126th homecoming in Bangor Friday afternoon

Spc. Philip Higgins (right), a crew chief for the 126th Aviation Medevac unit in Bangor, was one of 120 members deployed to Kuwait during the holidays in December.
Courtesy of Melissa Higgins
Spc. Philip Higgins (right), a crew chief for the 126th Aviation Medevac unit in Bangor, was one of 120 members deployed to Kuwait during the holidays in December.
Posted Jan. 23, 2013, at 7:15 p.m.
Last modified Jan. 23, 2013, at 8:03 p.m.

BANGOR, Maine — Family and friends of Bangor’s own “Black Bears” — the 126th Aviation Medevac unit — will get to see their loved ones Friday when the unit arrives home, Maj. Michael Steinbuchel, spokesman for the Maine Army National Guard, said Wednesday.

The unit left Maine nearly a year ago to serve in Kuwait, and arrived back on U.S. soil last week. The 82 or so citizen soldiers are at Fort Hood in Texas for their post-deployment debriefing, and will roll into Vacationland by bus on Friday.

“The unit served with distinction throughout the deployment,” Steinbuchel said.

Those left behind — the spouses, children, parents, cousins, boyfriends, girlfriends and friends — will meet the returning soldiers at 2 p.m. at the Army Aviation Support Facility on Hayes Street at Bangor International Airport, he said, adding the event is open to the public.

“There is a quick ceremony, bringing the company to attention, and then they are released,” the major said.

While deployed, the unit was assigned to conduct aerial medical evacuation for Kuwait — taking over for the U.S. Navy — and flew more than 1,200 missions, including 43 emergency medical evacuations that involved airlifting injured soldiers, military service dogs and civilians using Black Hawk helicopters.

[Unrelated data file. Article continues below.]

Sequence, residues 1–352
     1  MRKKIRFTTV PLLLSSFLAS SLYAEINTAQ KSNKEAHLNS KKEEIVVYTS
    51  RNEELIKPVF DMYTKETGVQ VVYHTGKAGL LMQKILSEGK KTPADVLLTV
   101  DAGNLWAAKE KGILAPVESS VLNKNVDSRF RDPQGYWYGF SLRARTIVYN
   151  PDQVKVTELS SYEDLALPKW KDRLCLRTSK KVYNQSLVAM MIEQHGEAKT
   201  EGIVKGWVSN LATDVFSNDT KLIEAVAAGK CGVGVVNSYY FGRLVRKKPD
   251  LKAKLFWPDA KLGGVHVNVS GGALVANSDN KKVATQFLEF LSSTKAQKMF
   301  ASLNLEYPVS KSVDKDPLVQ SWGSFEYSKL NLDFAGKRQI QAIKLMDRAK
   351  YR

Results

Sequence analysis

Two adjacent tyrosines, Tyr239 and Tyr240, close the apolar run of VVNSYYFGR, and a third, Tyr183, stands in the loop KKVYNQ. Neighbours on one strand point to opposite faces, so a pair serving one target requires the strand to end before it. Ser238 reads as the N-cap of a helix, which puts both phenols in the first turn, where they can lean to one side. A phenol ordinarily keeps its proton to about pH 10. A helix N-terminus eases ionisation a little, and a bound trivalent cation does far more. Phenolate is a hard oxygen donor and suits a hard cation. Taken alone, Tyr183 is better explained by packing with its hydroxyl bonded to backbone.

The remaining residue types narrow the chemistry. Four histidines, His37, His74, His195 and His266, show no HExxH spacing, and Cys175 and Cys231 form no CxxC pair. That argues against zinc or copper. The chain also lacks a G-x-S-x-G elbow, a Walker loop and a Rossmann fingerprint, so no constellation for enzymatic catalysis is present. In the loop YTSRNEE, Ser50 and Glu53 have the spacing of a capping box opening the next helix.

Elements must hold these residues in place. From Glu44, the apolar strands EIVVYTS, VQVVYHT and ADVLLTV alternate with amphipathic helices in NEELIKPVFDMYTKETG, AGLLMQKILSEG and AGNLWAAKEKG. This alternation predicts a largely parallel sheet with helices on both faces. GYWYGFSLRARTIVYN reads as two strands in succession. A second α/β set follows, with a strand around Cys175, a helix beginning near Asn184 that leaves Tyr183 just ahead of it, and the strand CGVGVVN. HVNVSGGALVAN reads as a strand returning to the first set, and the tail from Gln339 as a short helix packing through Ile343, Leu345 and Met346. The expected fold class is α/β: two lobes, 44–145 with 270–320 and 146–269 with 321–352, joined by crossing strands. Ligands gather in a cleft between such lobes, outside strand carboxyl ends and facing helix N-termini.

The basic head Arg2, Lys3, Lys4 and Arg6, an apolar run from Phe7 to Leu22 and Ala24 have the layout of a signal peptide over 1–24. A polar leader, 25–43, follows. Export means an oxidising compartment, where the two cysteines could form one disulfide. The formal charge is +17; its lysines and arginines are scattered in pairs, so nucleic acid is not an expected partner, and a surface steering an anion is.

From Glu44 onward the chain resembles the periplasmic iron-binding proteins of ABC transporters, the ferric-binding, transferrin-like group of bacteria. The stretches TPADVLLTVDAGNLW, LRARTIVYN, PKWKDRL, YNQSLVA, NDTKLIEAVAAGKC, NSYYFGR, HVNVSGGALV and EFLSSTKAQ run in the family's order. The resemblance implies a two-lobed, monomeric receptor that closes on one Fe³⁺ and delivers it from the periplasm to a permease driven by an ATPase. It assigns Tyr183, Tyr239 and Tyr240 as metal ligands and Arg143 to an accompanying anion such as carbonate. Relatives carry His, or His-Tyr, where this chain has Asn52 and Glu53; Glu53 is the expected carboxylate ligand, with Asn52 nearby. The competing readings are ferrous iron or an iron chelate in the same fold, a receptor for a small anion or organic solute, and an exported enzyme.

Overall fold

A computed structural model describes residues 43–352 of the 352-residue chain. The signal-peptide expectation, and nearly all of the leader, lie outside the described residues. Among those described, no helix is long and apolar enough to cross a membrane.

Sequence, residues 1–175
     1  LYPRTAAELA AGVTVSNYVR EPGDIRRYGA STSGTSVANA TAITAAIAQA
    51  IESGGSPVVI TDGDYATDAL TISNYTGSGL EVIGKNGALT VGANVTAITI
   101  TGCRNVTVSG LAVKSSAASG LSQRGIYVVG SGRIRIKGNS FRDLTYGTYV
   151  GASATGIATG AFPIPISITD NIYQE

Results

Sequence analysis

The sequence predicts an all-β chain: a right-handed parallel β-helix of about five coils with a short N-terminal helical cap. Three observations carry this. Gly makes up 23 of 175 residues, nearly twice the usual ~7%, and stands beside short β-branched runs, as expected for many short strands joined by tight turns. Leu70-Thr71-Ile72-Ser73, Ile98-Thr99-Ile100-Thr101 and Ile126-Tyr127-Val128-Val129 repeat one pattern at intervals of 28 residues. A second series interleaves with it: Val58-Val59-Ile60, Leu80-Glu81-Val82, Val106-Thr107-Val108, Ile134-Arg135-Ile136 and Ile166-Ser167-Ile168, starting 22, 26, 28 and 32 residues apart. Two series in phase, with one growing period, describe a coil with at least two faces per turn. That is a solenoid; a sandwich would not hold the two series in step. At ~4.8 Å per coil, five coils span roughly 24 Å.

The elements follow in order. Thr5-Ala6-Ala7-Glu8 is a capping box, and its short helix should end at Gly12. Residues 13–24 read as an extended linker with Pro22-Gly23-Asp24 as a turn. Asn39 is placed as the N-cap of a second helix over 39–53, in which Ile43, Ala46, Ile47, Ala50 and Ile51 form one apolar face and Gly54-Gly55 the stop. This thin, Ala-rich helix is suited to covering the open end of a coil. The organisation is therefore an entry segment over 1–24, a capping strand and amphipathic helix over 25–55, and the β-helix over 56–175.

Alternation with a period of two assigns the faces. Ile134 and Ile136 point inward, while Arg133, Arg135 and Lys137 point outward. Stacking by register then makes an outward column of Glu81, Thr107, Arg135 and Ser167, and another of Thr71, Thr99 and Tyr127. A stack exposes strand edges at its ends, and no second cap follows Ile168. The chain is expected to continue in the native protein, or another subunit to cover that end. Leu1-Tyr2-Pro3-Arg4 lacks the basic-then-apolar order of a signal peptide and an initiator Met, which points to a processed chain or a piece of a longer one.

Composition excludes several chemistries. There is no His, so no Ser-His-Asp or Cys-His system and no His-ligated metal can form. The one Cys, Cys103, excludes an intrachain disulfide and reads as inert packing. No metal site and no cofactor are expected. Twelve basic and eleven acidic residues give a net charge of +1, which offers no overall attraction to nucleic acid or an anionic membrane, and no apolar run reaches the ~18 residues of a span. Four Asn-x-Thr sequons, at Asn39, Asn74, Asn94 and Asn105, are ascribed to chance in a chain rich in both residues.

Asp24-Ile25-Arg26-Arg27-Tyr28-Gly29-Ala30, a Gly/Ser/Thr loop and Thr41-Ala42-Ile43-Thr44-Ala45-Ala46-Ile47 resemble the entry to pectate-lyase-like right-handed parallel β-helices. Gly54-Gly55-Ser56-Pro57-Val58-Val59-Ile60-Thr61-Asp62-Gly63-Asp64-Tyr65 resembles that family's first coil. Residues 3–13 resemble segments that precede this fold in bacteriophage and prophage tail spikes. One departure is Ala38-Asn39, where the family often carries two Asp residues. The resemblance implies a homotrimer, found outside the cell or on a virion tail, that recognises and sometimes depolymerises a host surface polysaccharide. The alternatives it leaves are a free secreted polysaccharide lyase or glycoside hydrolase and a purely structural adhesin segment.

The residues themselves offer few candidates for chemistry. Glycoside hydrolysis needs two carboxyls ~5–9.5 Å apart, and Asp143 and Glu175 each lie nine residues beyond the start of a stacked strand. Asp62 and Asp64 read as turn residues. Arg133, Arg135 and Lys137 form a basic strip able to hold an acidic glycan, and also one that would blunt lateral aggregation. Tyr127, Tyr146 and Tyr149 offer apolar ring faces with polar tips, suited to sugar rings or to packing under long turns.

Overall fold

“While working with U.S. and Kuwaiti naval forces, many of the crews achieved certifications necessary to conduct deck landings for ships under way,” Steinbuchel said in a press release.

Maj. Mark Stevens, a 1987 Kennebunk High School graduate, was the unit’s commander in Kuwait.

“Unit members have been recommended for five Meritorious Service Medals, nearly 60 Air Medals, 10 Army Commendation Medals and five Army Achievement Medals,” Steinbuchel said. “Homecomings have been a long-time military tradition and demonstrate appreciation for the soldiers’ service. Please join us in this important first step to reintegrating our soldiers back into the community.”

The 126th, which partnered with the Oregon-based 158th Aviation Medevac unit during the deployment, was attached to the 35th Combat Aviation Brigade while serving at Camp Buehring, Kuwait.

The unit returns home without Staff Sgt. Jessica Wing of Glenburn, a 23-year veteran helicopter mechanic who died in Kuwait in a noncombat-related incident on Aug. 27, 2012. The cause of her death has not been released.

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